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This chapter discusses the theory and practice needed for successful plant production in aquaponic systems. First, it highlights some of the major differences between ground-grown crop production and soil-less crop production. Following this, there is a discussion on some essential plant biology and plant nutrition concepts, focusing on the most important aspects for aquaponics. After, there is a brief section on recommendations for selecting vegetables to grow in aquaponic units. The final two sections cover plant health, methods to maintain plant health, and some advice on how to make the most of the plant growing space.
In many commercial aquaponic ventures, the vegetable production is more profitable than the fish. However, there are exceptions, and some farmers earn more from particularly valuable fish. Estimates from commercial aquaponic units predominantly in the West suggest that up to 90 percent of the financial gains can come from plant production. One reason is the fast turnover rate of vegetables compared with the fish. Further information on aquaponic plant production is covered in Chapter 8 and in the appendixes. Chapter 8 discusses practices to manage plant production through the seasons, and discusses different approaches for each of the hydroponic methods (media bed, NFT and DWC). Appendix 1 is a technical description of 12 popular vegetables to grow in aquaponics; Appendix 2 contains descriptions and tables detailing several organic treatments of pests and diseases.
The major advantages of aquaponics over soil agriculture are: (i) no wasted fertilizer; (ii) lower water use; (iii) higher productivity/quality; (iv) ability to utilize non-arable land; and (v) offset of tillage, weeding and other traditional agricultural tasks.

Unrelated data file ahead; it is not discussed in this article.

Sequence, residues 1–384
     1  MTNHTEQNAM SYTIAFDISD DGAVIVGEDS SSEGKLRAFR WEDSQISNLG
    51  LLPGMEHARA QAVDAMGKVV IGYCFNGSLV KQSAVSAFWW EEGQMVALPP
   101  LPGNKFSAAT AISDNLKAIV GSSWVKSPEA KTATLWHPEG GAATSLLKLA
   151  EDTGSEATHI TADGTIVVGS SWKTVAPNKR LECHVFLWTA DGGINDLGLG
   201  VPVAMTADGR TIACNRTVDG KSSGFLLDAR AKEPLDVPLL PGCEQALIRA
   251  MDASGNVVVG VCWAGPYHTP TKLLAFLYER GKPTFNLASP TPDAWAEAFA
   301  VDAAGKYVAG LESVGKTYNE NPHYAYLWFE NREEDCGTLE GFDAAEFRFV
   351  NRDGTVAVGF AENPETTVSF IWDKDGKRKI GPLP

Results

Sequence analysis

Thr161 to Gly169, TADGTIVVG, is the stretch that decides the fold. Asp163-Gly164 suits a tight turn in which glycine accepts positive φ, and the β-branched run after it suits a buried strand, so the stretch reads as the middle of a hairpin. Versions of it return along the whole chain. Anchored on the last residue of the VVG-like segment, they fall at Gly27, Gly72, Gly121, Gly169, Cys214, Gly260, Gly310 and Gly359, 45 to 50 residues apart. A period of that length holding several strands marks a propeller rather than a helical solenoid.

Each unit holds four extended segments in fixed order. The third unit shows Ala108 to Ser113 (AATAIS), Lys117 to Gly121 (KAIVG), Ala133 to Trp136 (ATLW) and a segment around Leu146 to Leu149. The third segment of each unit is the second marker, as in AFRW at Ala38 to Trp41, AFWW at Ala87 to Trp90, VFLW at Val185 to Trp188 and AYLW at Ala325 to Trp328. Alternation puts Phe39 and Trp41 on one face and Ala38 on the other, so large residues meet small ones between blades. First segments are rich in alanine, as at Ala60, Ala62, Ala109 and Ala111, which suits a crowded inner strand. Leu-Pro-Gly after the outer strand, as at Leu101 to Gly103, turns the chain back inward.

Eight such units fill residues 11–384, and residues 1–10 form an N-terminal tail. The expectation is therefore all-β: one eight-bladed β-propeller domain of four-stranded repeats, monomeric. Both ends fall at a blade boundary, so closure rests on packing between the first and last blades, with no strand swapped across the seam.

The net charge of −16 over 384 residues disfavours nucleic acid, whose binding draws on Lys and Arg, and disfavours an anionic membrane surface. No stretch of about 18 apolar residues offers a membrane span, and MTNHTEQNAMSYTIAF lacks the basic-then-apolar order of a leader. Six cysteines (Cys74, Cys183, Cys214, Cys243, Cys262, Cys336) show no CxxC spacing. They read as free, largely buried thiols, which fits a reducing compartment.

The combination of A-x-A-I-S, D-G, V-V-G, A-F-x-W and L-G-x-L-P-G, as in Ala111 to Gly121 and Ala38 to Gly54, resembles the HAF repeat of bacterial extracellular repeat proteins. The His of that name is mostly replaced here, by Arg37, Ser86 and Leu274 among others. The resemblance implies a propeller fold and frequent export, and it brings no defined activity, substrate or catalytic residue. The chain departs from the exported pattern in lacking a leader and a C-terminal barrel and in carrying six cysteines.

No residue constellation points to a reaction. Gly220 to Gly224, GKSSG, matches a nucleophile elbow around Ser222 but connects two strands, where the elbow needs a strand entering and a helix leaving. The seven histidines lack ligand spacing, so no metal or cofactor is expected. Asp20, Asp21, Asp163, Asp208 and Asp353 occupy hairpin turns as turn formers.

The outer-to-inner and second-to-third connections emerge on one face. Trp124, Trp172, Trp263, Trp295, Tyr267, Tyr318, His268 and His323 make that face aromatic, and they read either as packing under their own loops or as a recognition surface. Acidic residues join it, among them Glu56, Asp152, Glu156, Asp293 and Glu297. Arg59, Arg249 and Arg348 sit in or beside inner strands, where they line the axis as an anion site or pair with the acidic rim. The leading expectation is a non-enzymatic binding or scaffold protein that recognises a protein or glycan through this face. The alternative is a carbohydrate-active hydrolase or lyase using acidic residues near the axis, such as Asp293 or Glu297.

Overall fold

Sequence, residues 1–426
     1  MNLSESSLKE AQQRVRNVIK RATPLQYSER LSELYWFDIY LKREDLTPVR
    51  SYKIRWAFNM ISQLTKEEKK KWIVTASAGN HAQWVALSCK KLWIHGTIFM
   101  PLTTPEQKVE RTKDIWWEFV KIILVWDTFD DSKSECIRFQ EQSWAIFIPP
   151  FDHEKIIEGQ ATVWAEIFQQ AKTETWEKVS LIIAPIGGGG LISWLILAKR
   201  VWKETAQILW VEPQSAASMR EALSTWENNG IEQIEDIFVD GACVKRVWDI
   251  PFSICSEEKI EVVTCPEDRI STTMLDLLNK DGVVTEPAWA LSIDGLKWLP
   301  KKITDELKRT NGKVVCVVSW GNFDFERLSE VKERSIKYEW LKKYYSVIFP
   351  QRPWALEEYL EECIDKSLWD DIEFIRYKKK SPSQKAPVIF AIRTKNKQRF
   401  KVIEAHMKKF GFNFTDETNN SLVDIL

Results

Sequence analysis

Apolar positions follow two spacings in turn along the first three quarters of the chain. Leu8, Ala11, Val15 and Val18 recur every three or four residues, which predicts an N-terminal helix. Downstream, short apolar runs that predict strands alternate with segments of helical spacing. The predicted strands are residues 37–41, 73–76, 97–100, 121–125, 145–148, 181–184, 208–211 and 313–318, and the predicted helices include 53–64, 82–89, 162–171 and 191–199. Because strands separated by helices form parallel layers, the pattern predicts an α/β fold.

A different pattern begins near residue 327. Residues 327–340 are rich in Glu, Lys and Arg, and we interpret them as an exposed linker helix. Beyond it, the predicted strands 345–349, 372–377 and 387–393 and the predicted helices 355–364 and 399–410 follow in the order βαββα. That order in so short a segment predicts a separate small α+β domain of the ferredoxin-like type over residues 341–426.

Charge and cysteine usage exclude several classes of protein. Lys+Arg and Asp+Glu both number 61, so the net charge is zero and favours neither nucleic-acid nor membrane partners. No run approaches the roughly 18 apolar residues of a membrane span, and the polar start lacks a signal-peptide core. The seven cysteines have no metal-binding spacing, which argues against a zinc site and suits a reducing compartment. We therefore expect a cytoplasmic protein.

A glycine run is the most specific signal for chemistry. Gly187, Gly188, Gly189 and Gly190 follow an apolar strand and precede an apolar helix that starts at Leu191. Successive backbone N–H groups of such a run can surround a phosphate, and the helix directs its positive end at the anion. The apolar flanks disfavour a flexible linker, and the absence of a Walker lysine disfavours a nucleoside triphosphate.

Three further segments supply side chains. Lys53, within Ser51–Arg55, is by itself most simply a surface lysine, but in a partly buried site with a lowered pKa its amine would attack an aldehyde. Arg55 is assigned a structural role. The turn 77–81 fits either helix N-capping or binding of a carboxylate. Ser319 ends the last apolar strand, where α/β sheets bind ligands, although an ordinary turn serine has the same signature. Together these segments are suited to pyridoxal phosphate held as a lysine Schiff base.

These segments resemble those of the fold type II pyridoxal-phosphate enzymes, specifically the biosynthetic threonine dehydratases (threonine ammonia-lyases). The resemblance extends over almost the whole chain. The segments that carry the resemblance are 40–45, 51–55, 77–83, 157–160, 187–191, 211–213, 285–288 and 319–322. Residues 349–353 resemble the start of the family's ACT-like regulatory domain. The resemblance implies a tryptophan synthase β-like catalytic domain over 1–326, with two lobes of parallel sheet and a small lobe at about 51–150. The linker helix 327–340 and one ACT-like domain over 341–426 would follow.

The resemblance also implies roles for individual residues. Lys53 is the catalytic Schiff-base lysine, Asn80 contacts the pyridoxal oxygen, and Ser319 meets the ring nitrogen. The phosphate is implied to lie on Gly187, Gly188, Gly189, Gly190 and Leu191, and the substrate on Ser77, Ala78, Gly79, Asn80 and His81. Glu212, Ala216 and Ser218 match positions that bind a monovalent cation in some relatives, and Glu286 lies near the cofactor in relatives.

Plants require sunlight, air, water and nutrients to grow. Essential macronutrients include: nitrogen, phosphorus, potassium, calcium, magnesium and sulphur; Micronutrients include iron, zinc, boron, copper, manganese and molybdenum. Deficiencies need to be addressed by supplying the limiting nutrients with supplemental fertilizer or increasing mineralization.
The most important water quality parameter for plants is pH because it affects the availability of essential nutrients.
The suitable temperature range for most vegetables is 18-26 °C, although many vegetables are seasonal. Winter vegetables require temperatures of 8-20 °C, and summer vegetables require temperatures of 17-30 °C.
Leafy green herbs and vegetables do extremely well in aquaponics. Large fruiting vegetables are also applicable, including tomatoes, peppers, eggplant, and cucumbers, peas and beans. Root crops and tubers are less commonly grown and require special attention.
Integrated production and pest/disease management uses physical, mechanical and cultural practices to minimize pests/pathogens, and then uses fish-safe chemical and biological treatment in targeted applications, when necessary.
Intelligent planting design can maximize space, encourage beneficial insects and improve production.
Staggered planting provides continual harvest as well as a constant nutrient uptake and more consistent water quality.
Source: Food and Agriculture Organization of the United Nations, 2014, Christopher Somerville, Moti Cohen, Edoardo Pantanella, Austin Stankus and Alessandro Lovatelli, Small-scale aquaponic food production, http://www.fao.org/3/a-i4021e.pdf. Reproduced with permission.